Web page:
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Uncovering the Truth: Part 3

Distancing “one’s self from the subject, using qualifying language, and listening to how a person deals with questions and answers provide clues to honesty. Repeating the questions, using a different angle to questioning, and avoiding a direct answer are clues to honesty.

There are two other techniques to use when dealing with questions and answers. First, allow for silence, and second, listen to the words spoken.

Allowing for Silence

One of the critical ingredients for a good investigation is “letting the person talk.” Simply hold on to responding to what a person says and remain silent as one continues to look at the person.

Doing this is challenging; the silence creates an uneasiness that demands elimination. The interviewer tends to offer an immediate response to what the person shares in an attempt to remove the uneasiness. Instead, just remain silent, look directly at the person, and allow the other person to continue to speak.

As Lieberman points out, “The guilty tells his story in dribs and drabs until he gets a verbal confirmation to stop. He speaks to fill the gap left by the silence.”

In our example of investigating smoking by a group of boys under the bridge, one might ask Johnny, who was a suspect, “What did you do after school yesterday?” He answers with, “I walked over to Walmart.” At this point, hold on offering a response. It may take a few seconds of silence before Johnny responds. His conscience will be working on him if he has something to hide, big time. Since he has not told everything, he will continue to add bits and pieces to his story. “I walked over to Walmart with some of my friends.”

Listening to Words Spoken

The words one chooses to speak are indicators of what is on the inside of a person. Luke 6:45 addresses this issue. "A good man out of the good treasure of his heart brings forth good; and an evil man out of the evil treasure of his heart brings forth evil. For out of the abundance of the heart his mouth speaks" (NKJV).

Whenever a person takes the thought to lie, they will lie unless they check this thought. Proverbs 6:2 also says that “you are snared with the words of your lips, you are caught by the speech of your mouth (AMPC).” Thus, listening to the words spoken in responding to questions will shed light on a person’s truthfulness.

Lieberman addresses the importance of the words spoken. He says, “There are subtle differences between what the truth sounds like and what a lie dressed up to sound truthful sounds like. The words we choose to convey a message are much more reflective of our true feelings than you might suspect.”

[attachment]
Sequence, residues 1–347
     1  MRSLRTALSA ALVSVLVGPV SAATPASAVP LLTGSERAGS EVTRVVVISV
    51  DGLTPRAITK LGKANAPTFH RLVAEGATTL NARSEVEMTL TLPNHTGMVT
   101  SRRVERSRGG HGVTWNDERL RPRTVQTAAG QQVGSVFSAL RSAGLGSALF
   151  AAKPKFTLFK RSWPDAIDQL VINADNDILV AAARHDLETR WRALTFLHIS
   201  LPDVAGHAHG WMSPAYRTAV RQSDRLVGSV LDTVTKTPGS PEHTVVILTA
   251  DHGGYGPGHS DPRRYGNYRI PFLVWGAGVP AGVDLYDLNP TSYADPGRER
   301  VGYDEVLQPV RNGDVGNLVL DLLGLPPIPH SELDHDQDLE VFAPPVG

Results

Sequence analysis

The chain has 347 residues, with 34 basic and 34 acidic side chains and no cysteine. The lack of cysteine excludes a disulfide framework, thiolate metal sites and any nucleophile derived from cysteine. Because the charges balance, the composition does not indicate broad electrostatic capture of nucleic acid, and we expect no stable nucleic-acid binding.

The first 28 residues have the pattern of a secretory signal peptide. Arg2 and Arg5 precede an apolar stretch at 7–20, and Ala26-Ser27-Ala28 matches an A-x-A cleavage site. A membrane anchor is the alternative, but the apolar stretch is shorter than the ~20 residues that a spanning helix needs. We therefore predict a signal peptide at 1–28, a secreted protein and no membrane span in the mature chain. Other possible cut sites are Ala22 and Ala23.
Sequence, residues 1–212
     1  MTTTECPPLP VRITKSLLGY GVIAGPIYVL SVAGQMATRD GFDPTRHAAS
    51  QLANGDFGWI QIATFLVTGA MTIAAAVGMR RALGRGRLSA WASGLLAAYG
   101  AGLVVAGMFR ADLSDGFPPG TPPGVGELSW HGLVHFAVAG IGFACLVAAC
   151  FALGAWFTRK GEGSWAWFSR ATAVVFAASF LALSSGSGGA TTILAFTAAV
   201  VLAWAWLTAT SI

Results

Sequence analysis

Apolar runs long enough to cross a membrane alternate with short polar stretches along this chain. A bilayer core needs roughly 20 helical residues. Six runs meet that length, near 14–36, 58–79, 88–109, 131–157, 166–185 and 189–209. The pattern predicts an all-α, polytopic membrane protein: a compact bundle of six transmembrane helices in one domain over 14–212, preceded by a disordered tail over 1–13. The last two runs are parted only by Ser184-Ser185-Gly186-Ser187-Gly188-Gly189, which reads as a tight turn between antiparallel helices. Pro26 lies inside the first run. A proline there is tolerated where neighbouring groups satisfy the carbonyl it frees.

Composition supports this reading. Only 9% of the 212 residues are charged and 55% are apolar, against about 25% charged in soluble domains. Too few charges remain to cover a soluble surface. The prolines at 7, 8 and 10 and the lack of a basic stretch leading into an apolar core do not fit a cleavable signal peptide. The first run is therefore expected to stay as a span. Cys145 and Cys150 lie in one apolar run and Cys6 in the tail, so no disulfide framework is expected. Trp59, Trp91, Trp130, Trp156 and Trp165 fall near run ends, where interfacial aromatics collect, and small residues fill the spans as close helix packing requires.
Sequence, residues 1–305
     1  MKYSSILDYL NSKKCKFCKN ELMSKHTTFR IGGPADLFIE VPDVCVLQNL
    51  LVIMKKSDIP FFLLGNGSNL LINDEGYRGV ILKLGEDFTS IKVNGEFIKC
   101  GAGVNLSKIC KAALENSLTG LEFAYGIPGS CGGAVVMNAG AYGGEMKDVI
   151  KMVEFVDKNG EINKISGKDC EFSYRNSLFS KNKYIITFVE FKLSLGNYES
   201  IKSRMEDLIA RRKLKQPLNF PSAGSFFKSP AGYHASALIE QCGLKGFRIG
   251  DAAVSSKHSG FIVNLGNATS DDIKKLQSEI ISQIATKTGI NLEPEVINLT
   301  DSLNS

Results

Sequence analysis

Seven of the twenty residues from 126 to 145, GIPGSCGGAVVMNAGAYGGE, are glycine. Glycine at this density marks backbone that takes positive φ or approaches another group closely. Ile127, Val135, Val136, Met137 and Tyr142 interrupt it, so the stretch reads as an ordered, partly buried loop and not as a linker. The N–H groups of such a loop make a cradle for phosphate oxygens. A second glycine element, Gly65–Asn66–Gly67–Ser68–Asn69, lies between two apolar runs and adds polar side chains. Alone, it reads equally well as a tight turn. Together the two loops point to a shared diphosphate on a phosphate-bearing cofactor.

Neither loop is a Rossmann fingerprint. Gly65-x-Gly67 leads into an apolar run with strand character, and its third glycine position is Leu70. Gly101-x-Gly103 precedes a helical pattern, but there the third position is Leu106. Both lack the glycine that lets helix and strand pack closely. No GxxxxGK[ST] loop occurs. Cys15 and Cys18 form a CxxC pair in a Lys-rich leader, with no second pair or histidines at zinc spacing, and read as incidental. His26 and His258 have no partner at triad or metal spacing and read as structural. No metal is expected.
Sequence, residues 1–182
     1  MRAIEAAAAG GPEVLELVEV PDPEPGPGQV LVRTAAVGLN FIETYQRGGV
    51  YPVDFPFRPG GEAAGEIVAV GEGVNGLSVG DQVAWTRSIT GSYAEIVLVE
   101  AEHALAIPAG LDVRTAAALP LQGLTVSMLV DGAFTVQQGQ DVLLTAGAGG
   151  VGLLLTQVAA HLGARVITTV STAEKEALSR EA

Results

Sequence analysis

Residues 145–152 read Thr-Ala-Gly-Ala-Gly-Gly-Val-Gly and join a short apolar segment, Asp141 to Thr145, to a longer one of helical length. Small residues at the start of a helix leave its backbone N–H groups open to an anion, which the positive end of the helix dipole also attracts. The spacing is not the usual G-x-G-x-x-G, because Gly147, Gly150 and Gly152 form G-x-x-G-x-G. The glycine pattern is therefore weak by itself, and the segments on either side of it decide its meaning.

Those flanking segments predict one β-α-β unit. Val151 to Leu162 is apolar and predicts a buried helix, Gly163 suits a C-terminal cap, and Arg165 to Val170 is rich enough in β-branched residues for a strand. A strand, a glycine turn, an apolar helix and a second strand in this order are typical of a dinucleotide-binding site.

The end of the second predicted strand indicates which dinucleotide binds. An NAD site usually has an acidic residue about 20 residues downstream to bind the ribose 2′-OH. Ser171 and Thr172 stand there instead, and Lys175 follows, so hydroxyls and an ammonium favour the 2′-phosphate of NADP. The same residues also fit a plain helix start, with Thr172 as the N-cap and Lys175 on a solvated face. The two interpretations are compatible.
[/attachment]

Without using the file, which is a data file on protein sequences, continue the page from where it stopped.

Noticing the Use of the Word “No.” Patrick Allan shares how LaRae Quy, a former counterintelligence FBI agent, determines if a person is deceptive in their responses. Quy pays attention to how a person uses the word “No” in responding to questions. Their use of the word “No” often demonstrates deceptive behavior. This happens when they: Say “no” and look in a different direction; Say “no” and close their eyes; Say “no” after hesitating; Say “nooooooo,” stretched over a long time, or say “no” in a singsong manner.

Observing the Delivery of Words. Quy recommends that one listens more than one speaks. Liars tend to speak more than truthful people in an attempt to sound legitimate and win over their audience. They will use more complex sentences to hide the truth. Furthermore, they tend to speak faster, talk louder, have a cracking voice, and engage in repetitive coughing or throat clearing.

Lieberman offers several clues to listen for when questioning a person.

Employing Words to Make a Point. It takes longer for a person telling the truth to formulate a response. On the other hand, Liars try to answer questions as quickly as they can. Rather than coming up with an original response, they will reply using the exact words as the questioner but in a negative manner. For example, the principal asks, “Did you go under the bridge?” The liar answers, “No, I didn’t go under the bridge.” “Have you ever been under the bridge?” They respond, “No, I have never been under the bridge.”

As Lieberman points out, “Did you becomes didn’t and ever becomes never. Remember, above all else, the guilty wants to get his answer out fast. Any delay makes him feel like he appears more guilty. And to the guilty, every second that passes seems like an eternity.”

Using Contradictions. Educators can also tune in to the use of contradictions. “When a suspect uses a contradiction– ‘It wasn’t me’ instead of ‘It was not me’–statistically speaking, there is a 60 percent chance he’s being truthful. Sometimes the guilty, in an attempt to sound emphatic, don’t want to use a contraction in their statement of innocence; they want to emphasize the not.

In our next post, we will cover five additional techniques for uncovering the truth. These include “Sharing Many Details,” “Telling the Story Backward,” “Requesting the Person to Clarify Their Story,” “Being Above Reproach,” and “Stating the Level of Honesty."

You can get your own copy of our book, Who Done It? Truth and Consequences Guide for Educators on Amazon.

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